Gender-based violence has never been a stranger to us in India. It has been best identified with the isolation of the victims, exerting physical, psychological, and at times, financial control over them. As the ongoing pandemic with its lockdown epitomizes isolation, it is no mystery that the rate of reported domestic violence and gender-based harassment cases has also gone up.
A UN report has recently analyzed the impact of COVID-19 on women and urged nation-states to include prevention of violence against women and girls as a part of their COVID-19 action plan. With a sharp increase in domestic violence cases across the world, Phumzile Mlambo -Ngcuka, Executive Director of UN Women, has termed this increase in violence as a “Shadow Pandemic“.
Indian Scenario :
In India, the number of domestic violence complaints received by the National Commission for Women has doubled from 123 distress calls to 239 domestic violence complaints, from March 23, 2020, to April 16, 2020.
The sense of isolation, the financial and medical anxiety coming along with the deadly pandemic and sinking economy have increased the frequency of terror within homes and most certainly challenged the concept of ‘escape’ for the victims. Traditionally, Work, school, and homes sans the abusers were being different mediums of escape for women and children before the lockdown. Sadly they don’t exist anymore as earlier. The principles of fear and danger normally motivating abuses now result in the use of Covid-19 as an excuse to amplify their cases, unfortunately with spaces of escape blurring from the lives of victims.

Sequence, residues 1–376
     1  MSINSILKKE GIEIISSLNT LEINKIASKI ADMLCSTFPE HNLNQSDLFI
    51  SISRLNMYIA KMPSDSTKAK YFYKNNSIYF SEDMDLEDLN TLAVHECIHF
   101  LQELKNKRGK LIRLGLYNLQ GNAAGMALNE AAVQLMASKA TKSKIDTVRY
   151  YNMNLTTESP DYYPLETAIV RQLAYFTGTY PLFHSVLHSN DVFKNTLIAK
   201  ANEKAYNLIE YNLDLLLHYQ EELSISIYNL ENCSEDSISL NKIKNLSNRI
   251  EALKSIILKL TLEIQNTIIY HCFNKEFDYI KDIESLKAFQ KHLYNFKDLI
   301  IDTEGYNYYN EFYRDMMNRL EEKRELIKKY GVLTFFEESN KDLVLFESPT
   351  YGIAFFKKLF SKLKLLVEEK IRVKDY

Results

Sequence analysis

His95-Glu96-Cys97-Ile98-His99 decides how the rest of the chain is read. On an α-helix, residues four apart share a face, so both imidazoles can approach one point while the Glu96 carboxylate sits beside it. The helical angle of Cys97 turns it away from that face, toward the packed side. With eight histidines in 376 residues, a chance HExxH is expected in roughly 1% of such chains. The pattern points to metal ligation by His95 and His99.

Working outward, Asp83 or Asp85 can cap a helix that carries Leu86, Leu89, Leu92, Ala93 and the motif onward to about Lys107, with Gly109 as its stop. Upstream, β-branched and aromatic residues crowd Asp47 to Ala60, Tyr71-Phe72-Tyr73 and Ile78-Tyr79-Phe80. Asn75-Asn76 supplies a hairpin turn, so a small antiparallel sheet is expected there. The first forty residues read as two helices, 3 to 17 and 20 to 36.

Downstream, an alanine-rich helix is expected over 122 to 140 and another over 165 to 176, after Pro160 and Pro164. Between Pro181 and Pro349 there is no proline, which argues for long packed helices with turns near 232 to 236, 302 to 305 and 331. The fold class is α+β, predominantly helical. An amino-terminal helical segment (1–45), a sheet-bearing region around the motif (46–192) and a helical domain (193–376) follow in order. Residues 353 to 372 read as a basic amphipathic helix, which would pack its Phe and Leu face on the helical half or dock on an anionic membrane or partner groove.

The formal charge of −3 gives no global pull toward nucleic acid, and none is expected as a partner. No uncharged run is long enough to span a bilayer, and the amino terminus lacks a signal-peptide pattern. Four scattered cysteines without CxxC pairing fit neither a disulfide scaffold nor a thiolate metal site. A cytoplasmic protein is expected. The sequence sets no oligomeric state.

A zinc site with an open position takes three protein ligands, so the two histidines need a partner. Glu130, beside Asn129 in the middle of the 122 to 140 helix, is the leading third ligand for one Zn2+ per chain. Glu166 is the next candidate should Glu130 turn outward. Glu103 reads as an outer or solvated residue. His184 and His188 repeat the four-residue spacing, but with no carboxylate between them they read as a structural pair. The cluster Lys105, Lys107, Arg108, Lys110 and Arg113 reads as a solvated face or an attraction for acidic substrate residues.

In certain cases, in an effort to contain the victims at home, the abusers have been found to spread misconceptions about the pandemic, threaten not to provide financial help if the victim is reliant on them, do not pay medical attention if the victim demonstrates signs of the infection, and misuse alcohol and narcotics as an excuse to cope with the continuing stress.
The cultural dynamics:
An important distinction between our health emergency and gender-based atrocities is that to end the latter, there will never be a one-stop vaccine. As a commonly acknowledged practice, one of the main factors behind gender-based abuse is the promotion of rape/misogynistic culture in our daily lives. The list makes its way into the ever-growing violent attitude towards women, masked as racist dialogues and jokes, implicit elements of stalking culture in mass media, degrading words used by individuals who do not identify as cis men, etc.
Instead of concentrating on all sorts of toxic activity that falls on the misogynistic continuum, much of the attention is typically given to an offence that seems more substantial in nature, some one-dimensional corrective action that does not provide us with promising conclusions. In addition, the dynamics of power between a dominant and a dominant gender that typically accelerates toxic masculinity often justify the latter’s oppression.
There has always been an underreporting of the number of crimes against women, including during the time of the deadly virus. Despite being one of the most important steps taken by the feminist movement in India, ‘Me Too’ had many drawbacks in taking down the perpetrators and receiving all allegations and cases of violence against women in India at times. Although our culture has definitely kept many women away from raising their voices, infused with patriarchal terror, let’s also look at how it has influenced harassment structures in India.